The Sprint Canoe & Kayak Movie is a great little film that I shot while filming Canoe: Icon of the North after I had the opportunity to meet and interview some of Canada’s elite athletes. Truth be known, I didn’t have any previous experience or knowledge of the sport of sprint canoe or kayak racing, but as I was learning about how important the canoe is in Canadian culture I discovered that the Olympic sport of Sprint Canoe had it’s origins here in Canada with regattas. In fact, few people know this, the “C” that identifies a particular division and boat in sprint canoe stands for “Canadian.”
I know, I know, it’s easy for a Canadian to make this type of claim and draw more importance and ownership to the sport, but it’s true. You see, if you go way back before the sport was in the Olympics there were regattas happening (largely in Canada) around the world, there were two distinct types of boats being used and one of those was called “the Canadian Class boat.” So when in the forties Canada introduced Sprint Canoe to the Olympic games they brought with them the Canadian Class boat and simplified the identification of the boat by using the letter “C.”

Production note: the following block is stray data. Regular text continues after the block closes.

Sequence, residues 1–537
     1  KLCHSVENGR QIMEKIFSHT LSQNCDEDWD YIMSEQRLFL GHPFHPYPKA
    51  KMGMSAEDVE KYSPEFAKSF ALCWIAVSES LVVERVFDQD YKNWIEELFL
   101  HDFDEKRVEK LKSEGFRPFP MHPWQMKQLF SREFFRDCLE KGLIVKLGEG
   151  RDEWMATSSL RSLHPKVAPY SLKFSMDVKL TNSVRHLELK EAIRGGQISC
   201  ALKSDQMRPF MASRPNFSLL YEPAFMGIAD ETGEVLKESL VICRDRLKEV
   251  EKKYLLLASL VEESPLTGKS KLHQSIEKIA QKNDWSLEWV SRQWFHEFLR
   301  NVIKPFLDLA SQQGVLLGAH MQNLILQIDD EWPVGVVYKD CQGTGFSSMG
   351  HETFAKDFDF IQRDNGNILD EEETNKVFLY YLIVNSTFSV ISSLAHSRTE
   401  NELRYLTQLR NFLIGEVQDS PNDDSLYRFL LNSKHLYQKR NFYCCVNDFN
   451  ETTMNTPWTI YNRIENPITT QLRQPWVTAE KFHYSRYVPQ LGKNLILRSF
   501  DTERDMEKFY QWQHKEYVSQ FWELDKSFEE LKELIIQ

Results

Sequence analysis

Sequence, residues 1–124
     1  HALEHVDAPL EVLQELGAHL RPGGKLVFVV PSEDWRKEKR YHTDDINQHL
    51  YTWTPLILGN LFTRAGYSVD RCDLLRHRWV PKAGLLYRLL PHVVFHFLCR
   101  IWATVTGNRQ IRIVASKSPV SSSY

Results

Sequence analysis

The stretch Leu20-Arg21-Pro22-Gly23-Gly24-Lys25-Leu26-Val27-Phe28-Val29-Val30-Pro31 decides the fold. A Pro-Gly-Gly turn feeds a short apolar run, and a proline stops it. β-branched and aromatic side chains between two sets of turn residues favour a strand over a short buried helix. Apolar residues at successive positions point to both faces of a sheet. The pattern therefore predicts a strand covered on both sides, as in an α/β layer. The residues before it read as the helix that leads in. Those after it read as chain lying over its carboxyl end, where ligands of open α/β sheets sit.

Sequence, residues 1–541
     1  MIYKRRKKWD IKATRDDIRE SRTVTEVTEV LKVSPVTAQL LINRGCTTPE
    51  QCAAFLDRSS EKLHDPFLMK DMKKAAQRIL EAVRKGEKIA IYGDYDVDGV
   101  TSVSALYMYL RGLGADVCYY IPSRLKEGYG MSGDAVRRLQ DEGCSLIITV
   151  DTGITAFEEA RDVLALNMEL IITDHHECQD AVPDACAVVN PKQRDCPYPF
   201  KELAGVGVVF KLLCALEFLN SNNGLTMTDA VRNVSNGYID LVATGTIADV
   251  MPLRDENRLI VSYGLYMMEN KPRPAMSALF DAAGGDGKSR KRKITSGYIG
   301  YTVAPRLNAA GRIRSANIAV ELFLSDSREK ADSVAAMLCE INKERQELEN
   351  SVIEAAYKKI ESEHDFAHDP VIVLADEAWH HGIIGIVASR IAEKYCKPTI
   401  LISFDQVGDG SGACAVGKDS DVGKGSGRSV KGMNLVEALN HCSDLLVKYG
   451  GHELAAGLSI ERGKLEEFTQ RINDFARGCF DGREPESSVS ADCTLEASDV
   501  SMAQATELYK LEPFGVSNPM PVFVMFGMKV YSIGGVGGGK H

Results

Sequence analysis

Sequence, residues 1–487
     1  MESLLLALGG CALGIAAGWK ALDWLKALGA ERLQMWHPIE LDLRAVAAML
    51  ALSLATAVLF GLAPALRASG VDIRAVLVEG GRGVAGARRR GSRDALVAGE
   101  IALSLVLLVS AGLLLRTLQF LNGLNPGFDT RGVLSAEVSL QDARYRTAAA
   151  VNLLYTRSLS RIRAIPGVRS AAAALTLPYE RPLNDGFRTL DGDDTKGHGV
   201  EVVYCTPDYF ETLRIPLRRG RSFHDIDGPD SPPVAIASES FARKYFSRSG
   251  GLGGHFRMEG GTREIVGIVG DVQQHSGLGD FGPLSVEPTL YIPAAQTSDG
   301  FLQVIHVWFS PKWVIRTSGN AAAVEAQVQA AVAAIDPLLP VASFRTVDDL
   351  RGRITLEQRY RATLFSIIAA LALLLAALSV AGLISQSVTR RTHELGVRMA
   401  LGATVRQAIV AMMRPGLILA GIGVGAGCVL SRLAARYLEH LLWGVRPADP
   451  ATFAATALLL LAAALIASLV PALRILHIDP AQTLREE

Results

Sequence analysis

Nowadays there are C1, C2, C4 and C15 boats that are raced in the sport of Sprint Canoe. That “C” still represents “Canadian Class” and is the only Olympic sport that references a country in it’s description. Of course, nowadays the “C” is just regarded to mean “Canoe” but it’s a pretty cool bit of history that I learned while filming Icon of the North and Sprint.
Sprint: Canoe & Kayak the film was created to be an inspiring film about the sport of Sprint Canoe & Kayak, getting in touch with the elite athletes, world champions and Olympians, to rediscover what’s special about the sport from their perspective.
During my time interviewing the athletes I was very fotunate to meet Gabriel Beauchesne-Sevigny, Richard Dober Jr., Hugues Fournel, Christine Gauthier, Scott Logan, Christian Maranda, Mark Oldershaw, Taylor Potts, Ben Russell, Adam vanKoeverden, and Laurence Vincent-Lapointe, whose opinions and stories are shared in the film.